Critique of Bill (by Jim Pyles)
What are the problems with the “Wired” bill?
The overall concern with the “Wired” bill is that it appears to be designed to eliminate the patient’s right to health information privacy without leaving any fingerprints.
There are no privacy principles set forth by Congress to guide the Secretary’s discretion. Rather, the bill “outsources” the development of health IT standards and specifications, national policies and quality measures to two public/private committees and one “private entity”. Sections 3003(a), 3004(b) and 3010(b). The Secretary is then authorized to adopt such standards and specifications, national policies and quality measures without an opportunity for public comment. Sections 3003(c)(7), 3004(c) and 3011. Apparently these standards, policies and measures can be adopted by the Secretary even if they erode or eliminate the patient’s right to health information privacy.
The committees appear to be stacked to ensure that the consumer’s interest in health information privacy will be inevitably overridden. The “Partnership for Health Care Improvement”, the “American Health Information Community” and the “private entity” charged with developing quality measures are to have one consumer representative (sections 3003(b)(1)(A)(vi)(I), 3004(d)(1)(F)(i)), 3010(c)(2)(C)). However, they are to have members representing providers (likely hospitals), “third party payers”, “information technology vendors”, and “employers”. Sections 3003(b)(1)(A)(IV), (V), (VI) and (VII); 3004(d)(1)(F)(ii), (vi), (vii) and (viii); and 3010(c)(2)(A), (B), (D), and (E). These are all groups that have in the past, and are likely in the future, to oppose recognition and protection of the patient’s right to health information privacy. (The American Hospital Association and the insurers supported elimination of the patient’s right of consent in the Amended HIPAA Privacy Rule, while all consumers and virtually all practitioners opposed eliminating that right from the floor of federal privacy protections.) The Partnership and the Community are to have representation by individuals with expertise in privacy and security but there is no requirement that these individuals have any knowledge or expertise in protecting or preserving privacy and security.
Further, none of these groups are subject to the Hippocratic Oath and standards of professional ethics which recognize the patient’s right to privacy and consent for the disclosure of health information.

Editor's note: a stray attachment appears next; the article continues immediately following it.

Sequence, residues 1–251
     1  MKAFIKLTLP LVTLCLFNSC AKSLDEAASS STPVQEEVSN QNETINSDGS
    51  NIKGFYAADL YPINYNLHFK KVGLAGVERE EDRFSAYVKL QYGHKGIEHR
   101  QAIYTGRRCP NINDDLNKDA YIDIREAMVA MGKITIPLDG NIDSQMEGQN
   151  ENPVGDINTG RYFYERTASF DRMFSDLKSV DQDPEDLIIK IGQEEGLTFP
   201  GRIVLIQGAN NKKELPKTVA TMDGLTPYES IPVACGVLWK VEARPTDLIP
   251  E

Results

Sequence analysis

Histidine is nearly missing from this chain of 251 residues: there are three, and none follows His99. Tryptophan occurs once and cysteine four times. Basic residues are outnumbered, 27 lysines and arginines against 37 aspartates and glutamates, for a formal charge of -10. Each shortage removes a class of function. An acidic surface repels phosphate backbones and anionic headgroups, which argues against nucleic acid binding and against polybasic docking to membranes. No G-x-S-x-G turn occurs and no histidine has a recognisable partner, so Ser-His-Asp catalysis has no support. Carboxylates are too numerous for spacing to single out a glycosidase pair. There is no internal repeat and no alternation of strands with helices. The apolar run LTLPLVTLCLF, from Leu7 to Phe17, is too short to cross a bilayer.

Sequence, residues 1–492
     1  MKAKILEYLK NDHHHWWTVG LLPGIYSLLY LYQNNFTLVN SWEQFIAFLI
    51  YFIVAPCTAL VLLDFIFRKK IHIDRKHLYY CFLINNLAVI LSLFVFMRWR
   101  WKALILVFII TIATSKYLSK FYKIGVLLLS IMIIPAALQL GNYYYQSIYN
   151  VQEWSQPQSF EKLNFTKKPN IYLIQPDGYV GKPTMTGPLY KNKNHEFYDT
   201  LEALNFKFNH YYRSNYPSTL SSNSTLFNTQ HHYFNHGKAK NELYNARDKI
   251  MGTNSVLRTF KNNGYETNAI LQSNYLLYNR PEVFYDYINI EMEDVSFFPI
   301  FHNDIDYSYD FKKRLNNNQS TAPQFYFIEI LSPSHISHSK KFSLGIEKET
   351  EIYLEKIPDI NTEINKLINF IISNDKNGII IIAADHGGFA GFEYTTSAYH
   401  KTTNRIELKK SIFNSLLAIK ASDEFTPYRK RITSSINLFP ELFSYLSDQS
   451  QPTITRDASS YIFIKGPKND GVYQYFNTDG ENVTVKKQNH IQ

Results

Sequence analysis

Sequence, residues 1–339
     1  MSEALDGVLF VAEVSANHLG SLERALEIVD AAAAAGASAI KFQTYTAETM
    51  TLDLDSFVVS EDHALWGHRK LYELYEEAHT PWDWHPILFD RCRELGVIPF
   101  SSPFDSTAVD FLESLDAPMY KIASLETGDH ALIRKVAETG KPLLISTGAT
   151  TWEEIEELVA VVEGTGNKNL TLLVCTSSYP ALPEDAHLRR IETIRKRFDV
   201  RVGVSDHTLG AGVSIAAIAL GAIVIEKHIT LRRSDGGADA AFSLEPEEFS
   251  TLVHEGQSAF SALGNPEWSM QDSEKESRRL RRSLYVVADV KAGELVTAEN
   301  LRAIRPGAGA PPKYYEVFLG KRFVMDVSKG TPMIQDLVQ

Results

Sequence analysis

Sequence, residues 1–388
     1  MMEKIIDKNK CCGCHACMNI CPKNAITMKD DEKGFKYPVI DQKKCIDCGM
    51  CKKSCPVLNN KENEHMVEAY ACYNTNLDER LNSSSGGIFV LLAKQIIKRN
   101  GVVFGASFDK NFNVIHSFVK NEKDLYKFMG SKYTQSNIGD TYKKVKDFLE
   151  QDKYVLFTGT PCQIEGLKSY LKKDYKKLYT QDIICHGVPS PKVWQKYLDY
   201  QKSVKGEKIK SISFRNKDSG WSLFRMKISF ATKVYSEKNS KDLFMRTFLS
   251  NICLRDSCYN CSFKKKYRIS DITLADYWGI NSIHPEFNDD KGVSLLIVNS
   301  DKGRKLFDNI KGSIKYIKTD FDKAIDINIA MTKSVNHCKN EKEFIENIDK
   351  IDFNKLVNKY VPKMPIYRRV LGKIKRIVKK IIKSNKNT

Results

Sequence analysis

Finally, the consumer representative is to be appointed by Comptroller General for the Partnership and the Community by the Secretary for the “private entity”. Of course, they could well appoint a consumer who might, for some reason, be opposed to preserving the patient’s right to health information privacy. Section 3003(b)(1)(A)(vi) and 3004(d)(1)(F).
A final measure that is likely to guarantee that the consumer’s interests do not somehow prevail states that the Partnership, the Community and the “private entity” are to make sure that “no single sector unduly influences the recommendations of the Partnership” (Community or private entity). Sections 3003(b)(3(B); 3004(d)(4); and 3010(c)(4). During an open “stakeholders” meeting on June 15, staff for the HELP Committee was asked if that meant that even consumers could not “unduly influence” the recommendations of the Partnership, Community or “private entity” and what “unduly influence” meant since it is undefined in the bill. The answer was that consumers would not be allowed to unduly influence the recommendations of these committees and that there is a common understanding of what “unduly influence” means. Apparently this means that, under no circumstances, will the consumer’s interest be allowed to prevail in establishing health IT standards, policies and quality measures. By contrast, the third party payer, employer and health IT vendor sectors are permitted to combine and eliminate any consumer right.
Interestingly, the bill does not mention the importance of health information privacy in the quality measures that are to be adopted. Section 3010(d)(1). In fact, improving the quality of health care is not one of the “priorities” in the quality measures to be adopted by the “private entity”. Section 3010(d)(2).
The bill thereby ignores the HHS and NCVHS findings that health information privacy is essential for quality health care. 65 Fed. Reg. at 82,467; NCVHS letter to Secretary Leavitt, p. 3 (June 22, 2006). It further ignores the Supreme Court’s finding that privacy of psychotherapy communications is essential for access to quality psychotherapy. Jaffee v. Redmond, 116 S. Ct. 1923, 1928 (1996). And finally, it ignores the finding of Congress that “the right to privacy is a personal and fundamental right protected by the Constitution of the United States.” Pub. L. 93-579 (a)(4).
In sum, the “Wired” bill fails to appreciate that
“…the entire health care system is built upon the willingness of individuals to share the most intimate details of their lives with their health care providers.”
HHS Finding, 65 Fed. Reg. at 82,467 (Dec. 28, 2000). Without the trust and support of consumers, all of the standards, policies and quality measures called for by the “Wired” bill will be meaningless.
Michael D. Ostrolenk, MA, MFT
Association of American Physicians and Surgeons, Inc.